One of the Great Secrets of Twentieth-Century Pop Art

by Michael Atkinson

Pulp form, thumbnail allusiveness, hyperbole, uncouth syntax—this much we all understand about movie posters, truly a public art form only Papuan tribesmen could claim to be ignorant of. Until we go to Poland. Outside of its fevered circle of cultists, the authentic phenomenon of Polish movie posters remains one of the great secrets of twentieth-century pop art. There are large-format books published here showcasing Italian movie art, Japanese posters, American exploitation graphics (no shortage of these), and, remarkably, amateur posters for Hollywood films made by Ghanaian artists on secondhand flour sacks. But none of the Polish. Nowhere else but in Poland has the very concept of movie-poster design gotten such a radical overhaul, and nowhere else has it so persisted at identifying itself as a freestanding object. The primary philosophical singularity at work in the tradition of Polish movie posters going back at least to the ’50s is this: The poster art need not visually suggest the movie in question in any concrete way whatsoever. In fact, direct visual reference to anything in the film is often shunned. The poster should at most semiconsciously evoke the thematic feeling of the movie (or its title—in many instances, Polish posters seem to be created with abject ignorance of the cinematic work itself). The artists chosen are prized for their intensely idiosyncratic visions, to which the movie-poster form and the marketing exigencies of a particular film must defer, not vice versa.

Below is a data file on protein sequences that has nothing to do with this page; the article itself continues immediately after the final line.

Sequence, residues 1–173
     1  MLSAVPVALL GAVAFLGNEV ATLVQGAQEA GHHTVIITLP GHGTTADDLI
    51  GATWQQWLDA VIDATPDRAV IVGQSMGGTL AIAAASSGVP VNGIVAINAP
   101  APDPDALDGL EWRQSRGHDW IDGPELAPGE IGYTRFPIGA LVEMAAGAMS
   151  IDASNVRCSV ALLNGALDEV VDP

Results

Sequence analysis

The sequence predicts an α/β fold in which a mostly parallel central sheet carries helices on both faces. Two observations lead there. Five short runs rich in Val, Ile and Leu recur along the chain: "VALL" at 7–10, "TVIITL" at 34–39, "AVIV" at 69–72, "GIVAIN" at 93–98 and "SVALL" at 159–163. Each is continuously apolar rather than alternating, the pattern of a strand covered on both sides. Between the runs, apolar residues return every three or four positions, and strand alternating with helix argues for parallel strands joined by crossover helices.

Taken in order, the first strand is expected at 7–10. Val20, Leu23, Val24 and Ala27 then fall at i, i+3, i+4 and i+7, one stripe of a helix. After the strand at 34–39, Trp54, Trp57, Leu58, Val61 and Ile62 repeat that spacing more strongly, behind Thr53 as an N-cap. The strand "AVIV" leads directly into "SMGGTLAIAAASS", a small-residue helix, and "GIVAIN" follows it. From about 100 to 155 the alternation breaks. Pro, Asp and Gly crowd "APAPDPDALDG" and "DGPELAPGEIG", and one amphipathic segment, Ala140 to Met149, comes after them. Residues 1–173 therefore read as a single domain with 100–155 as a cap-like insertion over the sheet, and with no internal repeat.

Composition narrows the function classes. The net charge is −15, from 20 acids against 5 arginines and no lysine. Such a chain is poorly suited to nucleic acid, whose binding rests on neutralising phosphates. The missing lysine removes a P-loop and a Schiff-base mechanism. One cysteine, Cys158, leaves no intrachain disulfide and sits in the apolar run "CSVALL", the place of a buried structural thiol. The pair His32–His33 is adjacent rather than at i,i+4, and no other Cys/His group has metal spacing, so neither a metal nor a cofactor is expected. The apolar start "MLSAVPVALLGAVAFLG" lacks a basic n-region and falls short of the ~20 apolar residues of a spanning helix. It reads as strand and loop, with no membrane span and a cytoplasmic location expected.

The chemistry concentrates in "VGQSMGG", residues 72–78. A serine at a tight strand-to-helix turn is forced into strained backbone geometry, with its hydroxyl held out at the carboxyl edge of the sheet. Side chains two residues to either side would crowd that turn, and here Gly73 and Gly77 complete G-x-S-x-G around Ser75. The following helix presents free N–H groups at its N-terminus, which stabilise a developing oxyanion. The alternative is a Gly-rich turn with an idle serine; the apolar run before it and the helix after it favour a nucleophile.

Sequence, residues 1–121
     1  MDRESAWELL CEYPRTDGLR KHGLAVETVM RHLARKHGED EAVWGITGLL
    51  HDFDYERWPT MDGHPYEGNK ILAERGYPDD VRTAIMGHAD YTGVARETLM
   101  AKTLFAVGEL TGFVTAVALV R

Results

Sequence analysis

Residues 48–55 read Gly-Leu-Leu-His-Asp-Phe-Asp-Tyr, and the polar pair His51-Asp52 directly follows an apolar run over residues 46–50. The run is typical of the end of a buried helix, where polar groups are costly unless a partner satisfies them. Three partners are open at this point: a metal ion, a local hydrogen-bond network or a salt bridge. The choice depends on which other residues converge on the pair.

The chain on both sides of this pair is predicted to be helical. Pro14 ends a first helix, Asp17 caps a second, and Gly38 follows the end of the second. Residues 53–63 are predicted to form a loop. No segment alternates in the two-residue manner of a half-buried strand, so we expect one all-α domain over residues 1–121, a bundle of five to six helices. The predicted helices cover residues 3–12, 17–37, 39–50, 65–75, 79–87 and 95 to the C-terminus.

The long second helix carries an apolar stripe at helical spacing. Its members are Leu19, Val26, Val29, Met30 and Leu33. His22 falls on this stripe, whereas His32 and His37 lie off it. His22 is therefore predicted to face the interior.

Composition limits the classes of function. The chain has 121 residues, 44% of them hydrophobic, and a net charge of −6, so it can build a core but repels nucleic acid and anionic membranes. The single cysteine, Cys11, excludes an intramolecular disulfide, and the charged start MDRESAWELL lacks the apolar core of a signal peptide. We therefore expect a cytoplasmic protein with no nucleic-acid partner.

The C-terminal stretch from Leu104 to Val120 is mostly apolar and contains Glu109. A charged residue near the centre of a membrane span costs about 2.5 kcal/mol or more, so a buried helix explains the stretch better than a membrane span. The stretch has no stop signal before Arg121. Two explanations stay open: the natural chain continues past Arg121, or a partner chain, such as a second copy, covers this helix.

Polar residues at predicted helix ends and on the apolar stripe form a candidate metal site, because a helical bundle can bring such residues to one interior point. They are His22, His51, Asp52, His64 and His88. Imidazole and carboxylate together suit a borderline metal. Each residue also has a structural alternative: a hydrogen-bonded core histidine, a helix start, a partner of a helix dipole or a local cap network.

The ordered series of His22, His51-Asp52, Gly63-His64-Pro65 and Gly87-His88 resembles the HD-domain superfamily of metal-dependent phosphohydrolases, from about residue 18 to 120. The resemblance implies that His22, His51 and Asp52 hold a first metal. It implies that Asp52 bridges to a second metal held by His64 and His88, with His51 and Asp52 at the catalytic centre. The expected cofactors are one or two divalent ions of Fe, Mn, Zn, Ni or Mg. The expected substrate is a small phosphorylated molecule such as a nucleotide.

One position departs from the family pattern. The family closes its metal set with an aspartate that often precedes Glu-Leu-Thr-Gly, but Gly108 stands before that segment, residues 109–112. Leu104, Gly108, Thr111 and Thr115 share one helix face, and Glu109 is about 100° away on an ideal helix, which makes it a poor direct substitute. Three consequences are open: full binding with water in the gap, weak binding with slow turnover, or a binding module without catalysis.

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Michael Atkinson’s latest books include a debut novel, Hemingway Deadlights, coming out in August; Flickipedia, cowritten with Laurel Shifrin; and Exile Cinema: Filmmakers at Work Beyond Hollywood.

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